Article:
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  HOME | Arts & Entertainment

Norway Rallies to Avoid Demolition of Picasso Murals

COPENHAGEN – Several murals at the Oslo government building designed by Pablo Picasso are under threat of demolition.

The complex in the Norwegian capital was attacked on July 22, 2011 resulting in considerable damage to several buildings.

In 2014, the Norwegian Government decided to preserve the central building (Høyblokka), the most damaged by a bomb far-right terrorist Anders Behring Breivik set off.

However, Block Y is set to be demolished in October to pave the way for the construction of a new complex to be finished in 2025.

Both buildings contain five murals created by Picasso and Norwegian painter Carl Nesjar and made using a sandblasting technique.

The works are considered the first monumental artworks by the Spanish artist.

The pair devised five murals between the 1950s and 70s: The beach, The Seagull, Satyr and Faun and two versions of The Fisherman.

One of The Fisherman versions covers the facade of the Block Y, while The Seagull is on the entrance of the building.

“They are an example of integrated art,” Kristin Notø, from the Oslo Heritage office of communications, told EFE.

“Art is integrated into the city, it is a part of our culture.

“When art and architecture separate, they cease to be what they were,” Notø added.

Notø and her co-worker Maria Zachariassen organized a sitting last Thursday in front of the building, an initiative that they do as private citizens and that they intend to repeat every week.

As part of the protest demonstrators sport striped T-shirts inspired by Picasso.

The Henie Onstad art center has teamed up with the Conservation Support Group of Block Y and last week assembled a demonstration in the center of Oslo.

Heritage defense associations, colleges of architects, historians and organizations such as the Norwegian Commission for UNESCO, the International Council of Monuments and Sites (ICOMOS) and Europa Nostra have urged authorities to reconsider the decision.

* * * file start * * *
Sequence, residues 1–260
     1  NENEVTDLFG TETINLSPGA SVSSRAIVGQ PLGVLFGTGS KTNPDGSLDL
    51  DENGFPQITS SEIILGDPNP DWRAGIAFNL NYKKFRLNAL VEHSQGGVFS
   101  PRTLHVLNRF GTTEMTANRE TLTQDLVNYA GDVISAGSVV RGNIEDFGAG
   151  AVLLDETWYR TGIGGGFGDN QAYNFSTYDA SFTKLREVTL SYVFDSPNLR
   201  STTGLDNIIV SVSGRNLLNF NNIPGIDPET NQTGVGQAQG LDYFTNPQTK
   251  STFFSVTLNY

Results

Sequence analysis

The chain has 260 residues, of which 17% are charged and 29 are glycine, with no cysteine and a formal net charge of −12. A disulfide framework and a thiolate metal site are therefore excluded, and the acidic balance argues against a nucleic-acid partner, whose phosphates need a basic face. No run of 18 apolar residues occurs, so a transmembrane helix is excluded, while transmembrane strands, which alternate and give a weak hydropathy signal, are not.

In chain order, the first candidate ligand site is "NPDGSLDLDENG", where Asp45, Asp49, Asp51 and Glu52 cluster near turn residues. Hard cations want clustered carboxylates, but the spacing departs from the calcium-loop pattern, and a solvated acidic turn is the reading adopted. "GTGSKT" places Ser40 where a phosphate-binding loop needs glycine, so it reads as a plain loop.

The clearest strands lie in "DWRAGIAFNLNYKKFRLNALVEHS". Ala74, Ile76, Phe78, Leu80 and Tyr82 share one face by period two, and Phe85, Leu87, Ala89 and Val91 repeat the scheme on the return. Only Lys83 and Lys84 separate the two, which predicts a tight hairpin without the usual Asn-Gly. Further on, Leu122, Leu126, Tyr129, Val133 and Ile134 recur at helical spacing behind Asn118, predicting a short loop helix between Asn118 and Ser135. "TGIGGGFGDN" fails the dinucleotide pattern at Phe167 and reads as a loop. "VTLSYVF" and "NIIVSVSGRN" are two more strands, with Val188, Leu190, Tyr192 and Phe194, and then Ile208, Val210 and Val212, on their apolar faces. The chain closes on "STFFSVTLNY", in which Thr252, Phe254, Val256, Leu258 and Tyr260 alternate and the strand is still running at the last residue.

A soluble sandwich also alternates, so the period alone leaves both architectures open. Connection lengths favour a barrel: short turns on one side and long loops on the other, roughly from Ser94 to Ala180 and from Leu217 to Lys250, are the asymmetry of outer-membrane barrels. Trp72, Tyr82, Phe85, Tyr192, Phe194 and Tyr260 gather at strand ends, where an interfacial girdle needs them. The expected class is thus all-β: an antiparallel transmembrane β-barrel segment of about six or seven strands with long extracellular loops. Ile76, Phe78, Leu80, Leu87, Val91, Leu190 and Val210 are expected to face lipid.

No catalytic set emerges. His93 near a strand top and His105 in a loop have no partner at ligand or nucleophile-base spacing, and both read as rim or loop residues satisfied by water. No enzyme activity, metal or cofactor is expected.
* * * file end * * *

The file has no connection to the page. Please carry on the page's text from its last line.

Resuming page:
Among those who have supported the international campaign is the College of Architects of Catalonia (COAC), whose facade was decorated by Picasso and Nesjar following the same technique and style.

The Norwegian Government, however, remains firm in its decision to demolish the building, citing security issues.

It has refused to consider a building reform for technical and economic reasons.

“We believe that after the unfortunate events of 2011 there was a will to repair and comfort the nation and the necessary time to make a professional analysis of the case was not granted.

“The reaction was too quick and with concrete plans, politicians put themselves in an alley,” Notø added.

The double attack committed by Breivik, first in the complex and then the massacre at the Labor Youth camp on the island of Utøya in the Tyrifjorden lake, some 44 kilometers west of Oslo, resulted in 77 deaths and a national tragedy.

The government wanted to tear down the entire complex initially, but after strong criticism from organizations such as the National Heritage Office, five years ago announced the final project which saved the main building but not Block Y, although it was not affected by the attack.

The administrative process culminated last July when Oslo City Council gave the green light to the renovations but complaints by colleges of architects and heritage conservation groups that were presented in August were not considered.

The General Directorate of the Norwegian Directorate of Public Construction and Property (Statsbygg) said: “If Block Y were to be preserved, one would have either had to lower the security ambitions or build a new Government Building Complex in another location.

“Picasso’s art (The Fishermen and The Seagull) from Block Y will be preserved and integrated into the new Government Building Complex.”

Months before the attacks, Block Y had been put forward for the national heritage list, but that option was halted by the authorities after the terrorist attack, Statsbygg continued.

Norwegian cultural groups describe the demolition as a “tragedy” and as the largest “loss” for Norwegian culture since 1945.

They warned of the risk of damage to the murals and are very critical of the decision to store them for five years in closed boxes to be placed later within one of the new buildings of the complex.

Statsbygg has requested advice on the plan to move the murals from the heritage office, a measure that is not very common, Notø said.

“The real possibility of changing the decision is in the hands of politicians,” she continued.

“We have a government that has already rectified and changed its mind before,” she concluded.


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